For the Birds: More traditional gifts for your birder

Photo by Chris Bosak A spotting scope will help birders pick out ducks, like this northern pintail drake.

Last week I offered some suggestions on donating to conservation organizations to help out these important groups during this season of giving. Many of these organizations are hurting this year due to the cancellation of so many revenue-producing programs.

This week, I’ll offer some tips on getting more traditional holiday gifts for your birder. A gift list for birdwatchers has to start with optics. Technically, no equipment is needed to go birdwatching. You can simply head to the woods or look out your window and scan for birds. Realistically, however, you need a few essentials, namely binoculars and a field guide. If you have a budding birdwatcher on your list, an inexpensive pair will likely suffice. More experienced birders will appreciate better-quality optics.

With optics, as with most things, you get what you pay for. A $15 pair of binoculars will serve you just fine, but a $150 pair will seem like a different world. A really great pair of binoculars will set you back hundreds of dollars, but they will last forever. (At least they’d better at that price.) Spotting scopes run the gamut in price as well, starting at around $50 and going into the thousands of dollars. As a fan of duck watching, I will say a good spotting scope is an invaluable tool.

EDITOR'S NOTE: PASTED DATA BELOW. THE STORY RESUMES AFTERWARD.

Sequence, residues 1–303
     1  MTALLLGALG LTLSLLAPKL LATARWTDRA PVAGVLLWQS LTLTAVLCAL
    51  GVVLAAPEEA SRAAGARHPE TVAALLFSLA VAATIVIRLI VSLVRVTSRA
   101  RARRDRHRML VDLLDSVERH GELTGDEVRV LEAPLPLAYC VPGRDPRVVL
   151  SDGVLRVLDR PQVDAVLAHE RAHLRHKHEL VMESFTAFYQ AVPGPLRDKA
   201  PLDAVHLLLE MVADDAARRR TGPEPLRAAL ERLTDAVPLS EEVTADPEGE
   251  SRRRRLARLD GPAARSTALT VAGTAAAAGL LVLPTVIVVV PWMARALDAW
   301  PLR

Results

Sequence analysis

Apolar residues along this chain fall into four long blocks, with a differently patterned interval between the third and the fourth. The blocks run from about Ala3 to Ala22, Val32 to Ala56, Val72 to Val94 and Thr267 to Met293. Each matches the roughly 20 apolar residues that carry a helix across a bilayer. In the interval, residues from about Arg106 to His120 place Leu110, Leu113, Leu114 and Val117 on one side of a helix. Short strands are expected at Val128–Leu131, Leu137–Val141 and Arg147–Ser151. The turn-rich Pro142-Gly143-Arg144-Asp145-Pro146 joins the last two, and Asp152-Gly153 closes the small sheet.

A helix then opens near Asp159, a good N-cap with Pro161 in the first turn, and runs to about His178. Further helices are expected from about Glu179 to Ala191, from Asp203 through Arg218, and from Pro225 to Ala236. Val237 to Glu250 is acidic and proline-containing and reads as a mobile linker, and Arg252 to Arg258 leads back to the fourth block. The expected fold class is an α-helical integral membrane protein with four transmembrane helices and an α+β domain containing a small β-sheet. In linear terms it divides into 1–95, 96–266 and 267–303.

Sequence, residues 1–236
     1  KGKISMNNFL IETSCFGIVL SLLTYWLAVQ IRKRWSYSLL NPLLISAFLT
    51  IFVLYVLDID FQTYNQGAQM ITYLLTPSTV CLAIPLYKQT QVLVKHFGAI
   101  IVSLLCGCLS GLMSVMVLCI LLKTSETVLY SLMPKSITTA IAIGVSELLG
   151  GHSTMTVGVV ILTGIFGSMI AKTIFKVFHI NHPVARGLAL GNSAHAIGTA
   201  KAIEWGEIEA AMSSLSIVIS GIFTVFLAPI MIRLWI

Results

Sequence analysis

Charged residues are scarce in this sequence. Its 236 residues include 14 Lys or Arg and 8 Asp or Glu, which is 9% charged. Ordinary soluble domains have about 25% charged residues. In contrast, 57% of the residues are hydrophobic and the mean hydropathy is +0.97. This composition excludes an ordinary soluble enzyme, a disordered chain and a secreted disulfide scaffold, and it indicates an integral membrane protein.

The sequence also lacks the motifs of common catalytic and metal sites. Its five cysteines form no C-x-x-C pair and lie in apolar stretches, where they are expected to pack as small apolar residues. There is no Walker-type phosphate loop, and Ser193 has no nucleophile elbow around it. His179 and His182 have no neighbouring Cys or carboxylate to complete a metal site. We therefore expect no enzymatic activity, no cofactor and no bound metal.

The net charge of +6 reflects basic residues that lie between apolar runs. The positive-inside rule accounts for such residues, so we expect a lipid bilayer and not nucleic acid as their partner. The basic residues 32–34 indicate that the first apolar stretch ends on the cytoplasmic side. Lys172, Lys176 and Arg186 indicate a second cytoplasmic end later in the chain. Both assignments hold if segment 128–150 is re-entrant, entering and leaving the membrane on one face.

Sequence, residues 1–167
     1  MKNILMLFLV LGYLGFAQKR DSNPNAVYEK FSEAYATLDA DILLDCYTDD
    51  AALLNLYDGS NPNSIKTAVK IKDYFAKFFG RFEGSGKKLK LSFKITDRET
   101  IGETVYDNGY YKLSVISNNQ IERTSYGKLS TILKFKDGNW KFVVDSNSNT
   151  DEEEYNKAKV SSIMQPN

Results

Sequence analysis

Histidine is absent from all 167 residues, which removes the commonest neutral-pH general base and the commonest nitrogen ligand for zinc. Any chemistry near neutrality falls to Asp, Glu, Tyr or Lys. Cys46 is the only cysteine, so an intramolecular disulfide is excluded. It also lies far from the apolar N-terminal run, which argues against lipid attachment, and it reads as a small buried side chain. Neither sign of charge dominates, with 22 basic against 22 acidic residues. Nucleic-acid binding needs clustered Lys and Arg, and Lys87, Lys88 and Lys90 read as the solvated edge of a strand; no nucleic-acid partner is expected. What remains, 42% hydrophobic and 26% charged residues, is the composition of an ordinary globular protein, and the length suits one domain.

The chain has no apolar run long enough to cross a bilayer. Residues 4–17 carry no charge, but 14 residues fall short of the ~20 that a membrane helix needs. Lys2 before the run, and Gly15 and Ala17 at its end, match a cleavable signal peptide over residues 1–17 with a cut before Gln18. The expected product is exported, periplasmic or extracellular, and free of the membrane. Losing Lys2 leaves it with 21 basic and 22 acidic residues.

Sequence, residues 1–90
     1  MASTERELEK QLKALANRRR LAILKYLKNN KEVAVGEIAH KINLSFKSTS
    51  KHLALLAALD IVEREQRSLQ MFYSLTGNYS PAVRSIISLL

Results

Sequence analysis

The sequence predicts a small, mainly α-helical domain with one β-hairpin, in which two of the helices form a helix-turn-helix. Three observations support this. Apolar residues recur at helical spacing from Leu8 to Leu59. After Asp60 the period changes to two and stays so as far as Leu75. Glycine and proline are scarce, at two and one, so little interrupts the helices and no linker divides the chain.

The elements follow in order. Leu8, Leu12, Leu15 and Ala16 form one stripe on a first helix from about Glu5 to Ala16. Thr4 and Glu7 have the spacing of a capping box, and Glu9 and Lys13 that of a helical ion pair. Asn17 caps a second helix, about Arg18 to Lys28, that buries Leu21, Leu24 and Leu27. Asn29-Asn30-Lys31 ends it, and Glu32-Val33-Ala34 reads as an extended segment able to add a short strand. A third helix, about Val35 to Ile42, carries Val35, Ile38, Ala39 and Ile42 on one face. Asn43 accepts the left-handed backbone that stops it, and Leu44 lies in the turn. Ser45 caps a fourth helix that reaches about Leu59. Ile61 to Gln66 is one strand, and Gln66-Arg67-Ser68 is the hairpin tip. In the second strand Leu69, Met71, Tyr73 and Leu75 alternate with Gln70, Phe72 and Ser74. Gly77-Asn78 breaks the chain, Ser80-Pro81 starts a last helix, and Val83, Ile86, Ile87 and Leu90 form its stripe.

With apps taking over everything these days, including field guides, it’s always a nice treat to unwrap a good bird book. There are tons of bird books out there, new and old, and all are worth reading. “Birdwatching in New Hampshire” by Eric Masterson is a good one to get for your Granite State birdwatcher. One of these years I’ll be able to put my own book on the list of must-have gifts. I just need to write it first.

There are also tons of specialty field guides that focus on a particular family of birds, such as warblers, raptors or waterfowl. There are a few good birdwatching magazines out there. That’s a gift that will be repeated monthly throughout the year. I suggest Northern Woodlands, which is published in New Hampshire.

Bird feeding has increased in popularity this year due to the pandemic-caused quarantine. Feeders are always a fun gift to receive — or buy for yourself.

There are other birding gifts, of course, such as apparel, tree ornaments, decoys and wildlife art. Be creative and have fun choosing the right gift. Your birder will love it.

Happy holidays everyone.

1 thought on “For the Birds: More traditional gifts for your birder

  1. Pingback: For the Birds: More traditional gifts for your birder — Birds of New -

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